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TIFF 2021 Review: All My Puny Sorrows – “A quintessential Canadian film”

Image Courtesy of TIFF

“How many of us can actually conceptualize death?”  Understand it?”  These are questions asked in the opening voiceover of Canadian director Michael McGowan‘s newest film, All My Puny Sorrows.  Adapted from Miriam Towes‘ novel of the same name, the film follows the women of the Von Riesen family, for whom grief and loss seem to surround.  Of anyone, they seem best able to answer their own questions about death, such is their unfortunate experience.

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Yoli (Alison Pill) is a writer, going through a prolonged divorce where her soon-to-be-ex and teenaged daughter (Amybeth McNulty) are continuously remaindering her to sign the papers ending her marriage.  She is also plagued with writer’s block, fed by self-doubt and thoughts that her short career has already peaked.  In contrast, her sister, Elf (Sarah Gadon) has a supportive husband and is a successful pianist, revered for her talents, filling concert halls on tour.  Yet despite her outwardly rosy life, she is afflicted with severe depression, consumed by thoughts of suicide which she has already attempted once.

These suicidal tendencies run in the family, her father (played in flashbacks by Donal Logue) having stepped in front of a train years before.  This leaves the girls and their unquestionably strong mother (the ever-dependable Mare Winningham) as they also leave the Mennonite community that seems to have had a hand in this family tragedy.  But this time, when Elf ends up in the hospital after another attempt at dying by suicide, Yoli is forced to confront and understand her sister’s deeply rooted depression while trying to keep what little of their family remains, together.

Not surprisingly for the director, whose credits include the wonderful One Week starring Joshua Jackson as well as the 2010 TIFF opening night film Score: A Hockey Musical,  All My Puny Sorrows is unapologetically Canadian. There are mentions of the Toronto Blue Jays and Pierre Trudeau and even the inclusion of the ‘u’ in the word colour when Yoli is typing (it’s strange what excites you watching film as a Canadian).  The film was shot largely in North Bay, standing in for Winnipeg, with some Toronto views towards the end of the film.  McGowan also utilizes the stark winter backgrounds that can accompany Canadian winters for this often bleak tale.  But while making a quintessential Canadian film, the themes of mental illness, grief, and loss are universal.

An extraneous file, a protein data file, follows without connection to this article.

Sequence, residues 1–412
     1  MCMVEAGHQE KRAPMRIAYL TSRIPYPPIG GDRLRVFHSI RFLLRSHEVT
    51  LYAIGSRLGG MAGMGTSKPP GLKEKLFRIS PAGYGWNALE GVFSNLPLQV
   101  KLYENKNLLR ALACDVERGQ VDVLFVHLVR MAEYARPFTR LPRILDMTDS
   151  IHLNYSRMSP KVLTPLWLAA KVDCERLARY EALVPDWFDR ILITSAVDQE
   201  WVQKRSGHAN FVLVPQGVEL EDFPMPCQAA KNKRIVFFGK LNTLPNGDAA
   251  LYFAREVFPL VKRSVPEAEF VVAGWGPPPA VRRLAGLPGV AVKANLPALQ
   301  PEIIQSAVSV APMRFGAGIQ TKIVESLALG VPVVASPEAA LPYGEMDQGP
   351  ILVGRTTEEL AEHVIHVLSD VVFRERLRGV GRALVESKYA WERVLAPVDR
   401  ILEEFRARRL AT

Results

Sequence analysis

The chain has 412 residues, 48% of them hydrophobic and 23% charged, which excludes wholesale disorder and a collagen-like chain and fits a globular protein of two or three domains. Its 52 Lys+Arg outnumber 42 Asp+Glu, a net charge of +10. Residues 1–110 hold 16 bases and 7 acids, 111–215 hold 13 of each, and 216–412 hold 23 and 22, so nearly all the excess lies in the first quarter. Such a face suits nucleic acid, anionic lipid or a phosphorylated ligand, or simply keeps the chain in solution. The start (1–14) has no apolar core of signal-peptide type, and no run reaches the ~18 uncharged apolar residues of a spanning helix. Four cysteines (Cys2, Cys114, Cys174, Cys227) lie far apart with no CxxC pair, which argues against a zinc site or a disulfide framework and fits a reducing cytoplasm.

It follows that this film is not always an easy watch, though not just for the subject matter.  While I haven’t had the privilege of reading the source material, it feels as if some of the details that might make the Von Reisen family’s story even more emotionally impactful have been only briefly touched upon for the adaptation.  Brief flashbacks of Yoli and Elf’s childhood amongst the Mennonite community and the treatment of their family bring forth some generalized concepts, but there are too many holes to form concrete conclusions.  Some characters deserved a little more development as well, including Winningham’s role as Yoli and Elf’s steadfast mother.  I’m more apt now to read the novel, than re-watch the film.

All My Puny Sorrows works best when Pill and Gadon are engaged in their witty banter, easily believable as the sister roles in which they were cast.  Their chemistry works, and both actors perform well here as they manage to inject some unexpected humour in a film that otherwise offers little in the way of reprieve from the depths of Elf’s depression, the Von Reisen’s continued grief and their constant threat of added loss.  I appreciate the respect and care that went into this adaptation.  It’s a tricky subject matter, and I feel it’s well handled, but for me it didn’t connect as much as I needed it to.  While a worthwhile discussion can be opened about mental health and its treatment and support systems (or lack thereof), the film for me was often a difficult road to travel for a conclusion that felt already fated.

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